Sri Lanka’s first ‘recorded’ love story is that of Vijaya and Kuveni—the former who is also recognised as the island’s first king. We say ‘recorded’, because the only source we have to draw information from is the Mahavamsa, a highly romanticised Pali epic chronicling the history of ancient Sri Lankan dynasties, interspersed with myths, legends, and fantastical elements.
It is almost impossible to know which bits are fictional, but they make for interesting stories nonetheless. With that in mind, here are a few stories of romance which are as good as folklore. From making their way to school textbooks to having a whole town named after one of the protagonists, these stories (whether they be true or not) make up part of our historical anecdotes.
1. Vijaya And Kuveni
We all know how the exiled Indian princeling Vijaya landed in Sri Lanka and stumbled upon Kuveni, a Yaksha tribal woman, spinning thread. According to stories, Kuveni managed to imprison Vijaya’s men one by one, and when Vijaya found out what happened, he threatened to kill her and demanded their release. Conceding to his demands, she released the men and also helped Vijaya overthrow the leading Yakka tribe and become king. She served as his queen consort and bore him two children—but only until he married an Indian of the high Kshatriya caste to legitimise his rule.
Vijaya then instructed her to leave the children with him, and demanded her to leave. She eventually did, but took the children along with her. Telling them to stay hidden in the forest, she made her way back to her people—who killed her for betraying them to Vijaya in the first place.
2. Unmada Chithra And Prince Deega Gamini
Princess Unmada Chithra was the daughter of the second monarch of Sri Lanka, King Panduvasdeva. History romantically paints her as an extremely beautiful maiden for whom, instead of love at first sight, young men go mad with desire instead. Her name in itself loosely translates to a picture which drives one mad (unmada or to be insane; chithra a drawing).
The eleventh child of King Panduvasdeva and Queen Baddakachchana, Unmada Chithra was also the only girl. Unfortunately for her at the time of her birth, royal astrologers predicted that her future son would kill all her brothers and claim sovereignty—so to prevent such a catastrophe from happening, her brothers imprisoned her in a tower away from the male gaze.
Stories of her beauty spread far and wide, making a young prince by the name of Deega Gamini determined to see her. He managed to build a ladder and scale the tower in secret every night, despite the danger of crossing her ten brothers.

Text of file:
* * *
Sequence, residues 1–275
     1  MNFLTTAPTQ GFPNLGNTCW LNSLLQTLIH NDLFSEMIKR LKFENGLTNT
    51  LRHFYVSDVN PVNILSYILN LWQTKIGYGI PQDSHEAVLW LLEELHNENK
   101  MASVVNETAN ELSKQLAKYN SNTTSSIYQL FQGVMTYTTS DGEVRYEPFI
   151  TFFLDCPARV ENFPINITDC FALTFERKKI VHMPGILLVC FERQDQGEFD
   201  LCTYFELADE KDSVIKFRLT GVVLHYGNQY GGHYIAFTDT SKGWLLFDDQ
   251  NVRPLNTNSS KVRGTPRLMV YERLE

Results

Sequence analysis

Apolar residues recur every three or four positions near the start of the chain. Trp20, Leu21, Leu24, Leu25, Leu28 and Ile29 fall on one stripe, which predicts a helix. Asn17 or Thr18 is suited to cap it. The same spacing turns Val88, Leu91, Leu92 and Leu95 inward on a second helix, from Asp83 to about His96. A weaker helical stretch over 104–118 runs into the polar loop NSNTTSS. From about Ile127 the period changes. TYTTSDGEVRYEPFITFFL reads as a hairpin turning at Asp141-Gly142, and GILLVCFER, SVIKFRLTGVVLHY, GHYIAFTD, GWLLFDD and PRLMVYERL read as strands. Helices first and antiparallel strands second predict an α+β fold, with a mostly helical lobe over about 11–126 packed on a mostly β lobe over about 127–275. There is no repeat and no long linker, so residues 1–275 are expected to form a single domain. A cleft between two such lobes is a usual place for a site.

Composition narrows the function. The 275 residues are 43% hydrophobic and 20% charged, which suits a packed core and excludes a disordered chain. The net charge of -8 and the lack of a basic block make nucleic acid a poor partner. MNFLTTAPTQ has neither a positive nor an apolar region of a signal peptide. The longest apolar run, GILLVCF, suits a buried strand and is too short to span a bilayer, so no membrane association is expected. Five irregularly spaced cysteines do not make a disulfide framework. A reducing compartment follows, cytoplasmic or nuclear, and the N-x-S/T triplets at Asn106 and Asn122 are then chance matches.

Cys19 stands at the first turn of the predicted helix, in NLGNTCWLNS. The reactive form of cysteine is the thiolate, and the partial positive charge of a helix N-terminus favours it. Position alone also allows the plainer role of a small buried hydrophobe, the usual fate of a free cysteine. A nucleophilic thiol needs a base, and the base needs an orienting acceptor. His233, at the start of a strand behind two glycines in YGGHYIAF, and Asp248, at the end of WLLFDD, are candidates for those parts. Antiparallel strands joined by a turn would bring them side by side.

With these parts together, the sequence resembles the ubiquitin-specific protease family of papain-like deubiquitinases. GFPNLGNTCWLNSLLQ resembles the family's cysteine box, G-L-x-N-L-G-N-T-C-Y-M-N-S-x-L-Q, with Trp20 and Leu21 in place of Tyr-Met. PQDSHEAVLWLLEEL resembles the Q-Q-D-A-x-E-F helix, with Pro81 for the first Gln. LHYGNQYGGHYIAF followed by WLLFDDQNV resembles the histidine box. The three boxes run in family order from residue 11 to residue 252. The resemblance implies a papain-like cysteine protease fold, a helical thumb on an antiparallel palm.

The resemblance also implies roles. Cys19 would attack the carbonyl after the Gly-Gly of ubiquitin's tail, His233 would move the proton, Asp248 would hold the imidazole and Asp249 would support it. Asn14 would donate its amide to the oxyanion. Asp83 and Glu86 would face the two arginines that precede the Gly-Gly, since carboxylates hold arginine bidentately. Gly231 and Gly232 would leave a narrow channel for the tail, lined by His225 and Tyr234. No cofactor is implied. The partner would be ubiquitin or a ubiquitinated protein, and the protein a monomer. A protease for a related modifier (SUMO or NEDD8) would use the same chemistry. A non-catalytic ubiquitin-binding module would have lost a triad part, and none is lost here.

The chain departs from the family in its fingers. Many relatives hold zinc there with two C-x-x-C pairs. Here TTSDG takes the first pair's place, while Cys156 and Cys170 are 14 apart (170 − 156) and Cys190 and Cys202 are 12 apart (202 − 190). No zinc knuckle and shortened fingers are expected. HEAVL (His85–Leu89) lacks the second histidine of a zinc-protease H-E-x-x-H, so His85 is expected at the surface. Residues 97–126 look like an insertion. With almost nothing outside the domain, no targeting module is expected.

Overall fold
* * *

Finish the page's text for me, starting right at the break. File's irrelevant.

She eventually became pregnant, and her brothers agreed to let her keep the child if it was a girl, and kill it if it was a boy. She conceded to their wishes, but also conspired with one of her maidens to swap her newborn with a baby girl from the village if she gave birth to a boy (which she did). True to the prophecy, her son discovered his true identity when he was a young man, and eventually overthrew his uncles and became the king we now know as Pandukhabaya.
3. Saliya And Asokamala
The story of Saliya and Asokamala is retold with the barest of details, and is presented as a simple love story. It is said that the prince, who was the only son of King Dutugemunu, was taking a walk one day when he heard someone singing in a grove of trees. He stumbled upon a lower-caste girl plucking flowers, and fell in love with her. The Mahavamsa assumes that they were husband and wife in one of their previous lives as well, hence the strong bond between the both of them. Being the crown prince, Saliya was warned that he would lose rights to the throne if he married her instead of royalty, and he chose to forego his title and marry her instead.
It is widely believed that the ancient rock carving known as the Isurumuniya Lovers in Anuradhapura is a representation of these two individuals.
4. Sir Thomas Maitland and Lovinia
Perhaps the most romanticised of all is this relationship between the British governor and a gypsy dancer. Maitland built a beachfront mansion for himself, in a predominantly Sinhalese village. A dance troupe from the village was frequently hired to perform for him and his guests—which is when he first saw Lovinia Aponsu.
The dancer was of mixed race—it’s believed that her mother was Sinhalese and her father Portuguese. Legend also has it that the governor was so smitten by her that he had a tunnel secretly built, which lead from his mansion to a disused well near her house, in order for her to visit him without causing scandal.
Maitland served as a governor until 1812, where after he left the country. It is believed that the tunnel was sealed off in 1920, and that Galkissa was also named Mt. Lavinia in the dancer’s honour.
It is also widely believed that it is Lovinia who ‘won’ the right for women of her caste to wear an upper garment—low-caste Sinhala women were bare-breasted in days of yore.
Cover image courtesy of: mountlaviniahotel.com